A great visit to the Olympics, but disabled access needs improving

3 Aug

We had a brilliant visit to the Olympic athletics this morning, but I wish it had not been let down by the very poor arrangements for disabled visitors. Each person we spoke to was very helpful, but there seemed to be no joined-up plan to enable people with impaired mobility to travel to and from the venues.

My 91 year old father really enjoyed the athletics at the 1948 Olympics in London, so he asked me to get tickets and take him again this year. I was lucky enough to get four tickets for the morning session on Friday 3rd August and arranged to take two of my adult children as well as my father. We were all really looking forward to this family outing.

My dad can only walk a short distance and would not have been able to manage the tube journey, so we booked a disabled parking space. The instructions for the parking space seemed clear, they said exactly which roads to use to get to the car park and included a tear off section to allow us to board a shuttle bus to get into the venue. I didn’t completely understand the instructions for the shuttle bus so I called the phone number printed on the car park ticket to ask about this. The person who answered explained that there was no shuttle bus from the disabled parking, only from Stratford Station. This didn’t make any sense at all, but I assumed that they had made a mistake and that it would be obvious where to go when we arrived.

It would normally take about 20 minutes to drive from our house to Stratford, but we left at 06:45 to make sure we would be in plenty of time for the 10:00 start. The instructions for the car park explained how to get there from the A12, which was the obvious road to take for this journey. When we arrived at the A12 the slip road was closed, because of the Olympics, so we had to go on a much longer and slower route. As we drove through Stratford looking for the car park there were no signs for the disabled parking, and the routes suggested by my GPS were no use because they involved using Olympic lanes or turning right across them at temporary Olympic no right turn signs. We drove right through Stratford, turned round on the other side and drove back again, eventually finding a sign that matched the instructions we had.

We were stopped at a check point where the car was carefully examined, inside and out, by soldiers who were very friendly and polite. They then directed us toward the car park. We parked in one of the clearly marked bays, near another car where people with mobility problems were parking. We all tried to find how to get from the car park to the Olympic stadium. There were no signs anywhere to be seen, we rode up and down in the lift looking on various floors until we found some Westfield staff with wheelchairs who offered to help us. The Westfield staff explained that they weren’t allowed to push the wheelchairs, but that they would come with to show us which way to go. My daughter offered to push one of the wheelchairs as there would not have been enough people to push the three wheelchairs that were travelling together by then.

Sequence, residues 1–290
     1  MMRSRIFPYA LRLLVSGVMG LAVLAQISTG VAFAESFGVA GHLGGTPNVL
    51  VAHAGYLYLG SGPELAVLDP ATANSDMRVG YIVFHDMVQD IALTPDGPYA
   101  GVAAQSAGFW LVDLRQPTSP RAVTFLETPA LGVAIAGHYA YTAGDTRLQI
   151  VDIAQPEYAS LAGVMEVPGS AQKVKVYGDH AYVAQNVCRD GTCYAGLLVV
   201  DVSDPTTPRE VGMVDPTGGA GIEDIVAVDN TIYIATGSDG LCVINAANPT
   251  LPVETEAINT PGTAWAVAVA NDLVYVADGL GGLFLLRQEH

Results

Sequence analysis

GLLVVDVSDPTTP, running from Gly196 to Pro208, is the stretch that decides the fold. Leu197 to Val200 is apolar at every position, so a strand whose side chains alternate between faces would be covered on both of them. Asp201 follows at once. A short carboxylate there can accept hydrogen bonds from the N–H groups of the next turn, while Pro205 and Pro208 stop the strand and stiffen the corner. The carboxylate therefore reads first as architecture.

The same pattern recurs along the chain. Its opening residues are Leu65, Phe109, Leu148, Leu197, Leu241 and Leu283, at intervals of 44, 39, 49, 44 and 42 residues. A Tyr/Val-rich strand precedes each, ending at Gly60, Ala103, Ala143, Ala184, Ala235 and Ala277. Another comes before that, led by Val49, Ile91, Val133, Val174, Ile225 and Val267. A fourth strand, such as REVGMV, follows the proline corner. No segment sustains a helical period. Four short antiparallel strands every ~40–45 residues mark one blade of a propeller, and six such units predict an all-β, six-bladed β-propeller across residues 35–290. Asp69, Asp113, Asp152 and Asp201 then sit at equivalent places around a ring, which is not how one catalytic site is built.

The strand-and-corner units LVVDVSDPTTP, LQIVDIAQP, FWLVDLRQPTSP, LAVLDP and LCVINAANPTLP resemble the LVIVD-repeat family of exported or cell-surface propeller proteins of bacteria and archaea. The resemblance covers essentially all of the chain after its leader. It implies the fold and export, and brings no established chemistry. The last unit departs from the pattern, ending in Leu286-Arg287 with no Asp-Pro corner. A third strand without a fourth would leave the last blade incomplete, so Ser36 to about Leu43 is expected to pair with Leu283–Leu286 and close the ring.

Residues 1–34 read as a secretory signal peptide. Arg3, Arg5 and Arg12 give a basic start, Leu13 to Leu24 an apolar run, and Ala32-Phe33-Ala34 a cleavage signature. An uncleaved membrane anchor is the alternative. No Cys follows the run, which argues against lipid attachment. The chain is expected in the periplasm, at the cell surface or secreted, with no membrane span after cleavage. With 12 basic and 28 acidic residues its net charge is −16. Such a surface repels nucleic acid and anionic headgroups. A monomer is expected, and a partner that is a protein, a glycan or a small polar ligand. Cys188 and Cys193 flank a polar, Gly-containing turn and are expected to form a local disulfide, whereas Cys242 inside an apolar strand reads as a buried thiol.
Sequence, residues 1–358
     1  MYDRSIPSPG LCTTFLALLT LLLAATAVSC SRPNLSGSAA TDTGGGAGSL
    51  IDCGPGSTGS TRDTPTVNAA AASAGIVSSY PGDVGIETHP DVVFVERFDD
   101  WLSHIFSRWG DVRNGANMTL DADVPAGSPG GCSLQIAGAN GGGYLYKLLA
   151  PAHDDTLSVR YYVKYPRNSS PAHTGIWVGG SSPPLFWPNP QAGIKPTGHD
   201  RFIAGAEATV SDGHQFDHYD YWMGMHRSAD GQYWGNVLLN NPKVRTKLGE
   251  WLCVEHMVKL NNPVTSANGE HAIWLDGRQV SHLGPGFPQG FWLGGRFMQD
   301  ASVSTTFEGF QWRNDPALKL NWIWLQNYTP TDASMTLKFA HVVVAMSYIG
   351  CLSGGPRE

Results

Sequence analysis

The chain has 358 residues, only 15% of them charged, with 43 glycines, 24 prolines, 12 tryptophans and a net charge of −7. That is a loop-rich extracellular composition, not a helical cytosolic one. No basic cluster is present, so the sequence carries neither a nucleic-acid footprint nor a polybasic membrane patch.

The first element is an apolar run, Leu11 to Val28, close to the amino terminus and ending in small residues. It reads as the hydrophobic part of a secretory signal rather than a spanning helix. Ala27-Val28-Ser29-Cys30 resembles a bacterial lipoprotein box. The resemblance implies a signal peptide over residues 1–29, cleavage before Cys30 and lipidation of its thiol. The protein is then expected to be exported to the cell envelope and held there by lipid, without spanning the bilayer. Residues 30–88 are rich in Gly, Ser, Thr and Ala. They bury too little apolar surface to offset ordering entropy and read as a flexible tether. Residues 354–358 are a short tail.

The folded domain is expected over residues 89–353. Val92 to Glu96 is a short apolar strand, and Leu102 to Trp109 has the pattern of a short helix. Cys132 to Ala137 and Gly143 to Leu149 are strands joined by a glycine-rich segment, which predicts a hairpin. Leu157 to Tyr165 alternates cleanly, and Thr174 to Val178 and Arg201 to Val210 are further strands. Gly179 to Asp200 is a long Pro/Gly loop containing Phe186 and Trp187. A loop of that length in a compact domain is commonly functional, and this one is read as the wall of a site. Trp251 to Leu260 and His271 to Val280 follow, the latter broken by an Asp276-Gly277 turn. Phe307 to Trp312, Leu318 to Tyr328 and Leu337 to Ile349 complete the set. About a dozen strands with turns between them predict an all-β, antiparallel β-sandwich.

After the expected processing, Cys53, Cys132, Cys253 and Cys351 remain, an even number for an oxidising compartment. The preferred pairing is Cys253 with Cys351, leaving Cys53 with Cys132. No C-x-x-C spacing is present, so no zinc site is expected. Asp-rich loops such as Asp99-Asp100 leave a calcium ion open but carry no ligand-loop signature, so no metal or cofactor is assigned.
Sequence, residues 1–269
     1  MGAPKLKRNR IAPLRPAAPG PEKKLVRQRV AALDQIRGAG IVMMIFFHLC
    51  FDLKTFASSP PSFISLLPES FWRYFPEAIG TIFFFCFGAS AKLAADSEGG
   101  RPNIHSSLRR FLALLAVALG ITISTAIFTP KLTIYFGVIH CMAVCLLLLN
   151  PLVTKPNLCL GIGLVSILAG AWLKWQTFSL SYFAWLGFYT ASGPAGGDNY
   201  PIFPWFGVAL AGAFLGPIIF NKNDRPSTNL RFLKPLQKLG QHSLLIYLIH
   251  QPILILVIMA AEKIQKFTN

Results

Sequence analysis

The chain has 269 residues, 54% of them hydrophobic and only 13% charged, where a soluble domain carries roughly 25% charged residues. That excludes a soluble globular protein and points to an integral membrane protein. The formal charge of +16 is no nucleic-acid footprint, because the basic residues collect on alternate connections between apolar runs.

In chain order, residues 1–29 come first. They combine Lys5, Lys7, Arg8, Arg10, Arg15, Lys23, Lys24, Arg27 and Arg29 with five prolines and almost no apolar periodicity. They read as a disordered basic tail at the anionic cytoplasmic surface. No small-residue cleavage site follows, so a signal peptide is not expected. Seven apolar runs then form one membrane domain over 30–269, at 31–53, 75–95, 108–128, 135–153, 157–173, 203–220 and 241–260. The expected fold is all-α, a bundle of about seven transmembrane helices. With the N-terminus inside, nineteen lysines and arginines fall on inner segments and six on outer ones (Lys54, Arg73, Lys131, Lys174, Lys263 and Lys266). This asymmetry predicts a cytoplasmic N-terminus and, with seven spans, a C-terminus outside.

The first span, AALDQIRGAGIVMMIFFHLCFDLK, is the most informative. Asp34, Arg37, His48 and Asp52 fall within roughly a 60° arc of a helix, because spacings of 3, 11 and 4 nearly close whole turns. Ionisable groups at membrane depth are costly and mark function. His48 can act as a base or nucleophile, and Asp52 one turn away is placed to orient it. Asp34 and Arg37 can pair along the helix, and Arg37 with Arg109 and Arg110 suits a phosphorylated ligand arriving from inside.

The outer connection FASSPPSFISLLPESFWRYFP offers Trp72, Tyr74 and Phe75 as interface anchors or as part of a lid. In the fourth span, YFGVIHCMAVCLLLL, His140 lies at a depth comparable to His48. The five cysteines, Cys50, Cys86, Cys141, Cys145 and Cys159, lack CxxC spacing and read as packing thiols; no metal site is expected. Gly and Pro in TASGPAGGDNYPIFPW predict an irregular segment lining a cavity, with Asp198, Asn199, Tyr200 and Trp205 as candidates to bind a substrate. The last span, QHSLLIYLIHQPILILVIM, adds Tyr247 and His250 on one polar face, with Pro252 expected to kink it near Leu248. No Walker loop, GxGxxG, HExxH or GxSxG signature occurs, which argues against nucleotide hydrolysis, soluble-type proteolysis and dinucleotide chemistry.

The next part of our journey involved a very long walk, up in a lift, across a bridge that led away from the Olympic park towards Stratford Station, down another lift, into the station against the flow of people arriving at the Olympics, and up another lift to an incredibly crowded part of the station. The Westfield staff decided that it was not safe to manoeuvre three wheelchairs through the crowd, so they asked two of us to wait and led the wheelchairs across the station one at a time to another lift, where we descended to ground level again. This took quite a long time, but eventually we reached another part of the station concourse where there were shuttle busses to help disabled people get into the Olympic park. The Westfield staff took their wheelchairs back, presumably to look for other lost travellers near the disabled car park.

It took quite a long time to load the bus, but everyone was very polite and friendly. The bus then drove out of the station and back through Stratford on the road we had driven down more than an hour earlier. It was quite a long drive, and the bus had to pass through another security checkpoint, where the polite and friendly soldiers again checked the vehicle inside and out; they had mirrors on sticks, and some very cute dogs that were presumably sniffing for explosives, and the check did not take too long.

The bus drove past the outside of the car park where we waved to the cars we had parked earlier and then stopped not too far away, fairly near the entrance to the Olympic park. We asked if there was a wheelchair available that we could use to take my dad on the next part of the journey, but we were told that we would have to go and queue in the “mobility centre” and that this would be quite a long queue. We decided that my dad could manage the walk to the park entrance as it looked like it was only about 100 meters. We walked to the Olympic park entrance and joined the queue for the security checks. The queue for security was very quick and efficient, and they only took my dad’s walking stick away for a few minutes while he walked through the metal detector.

Once we were through security we found some helpful staff who provided a wheelchair, and helped us get inside the Olympic park, where they dropped us by the stop for the spectator mobility shuttle. The shuttle arrived shortly after we did. It was a bit like an oversized golf buggy, and it took us on a long trip around the park. We did see gate C, where we needed to go, but the bus turned the other way and it was a long time before we arrived at the correct entrance. After we got off the shuttle we again found somebody with a wheelchair to help us on the next stage of the trek.

We went into the stadium area, where our tickets were checked, and I asked where I could find drinking water to fill the empty water bottles we had brought through the security check. Since the queue for water seemed very long, I asked my daughter to accompany my dad and the wheelchair, whilst my son and I went to queue up and fill the water bottles.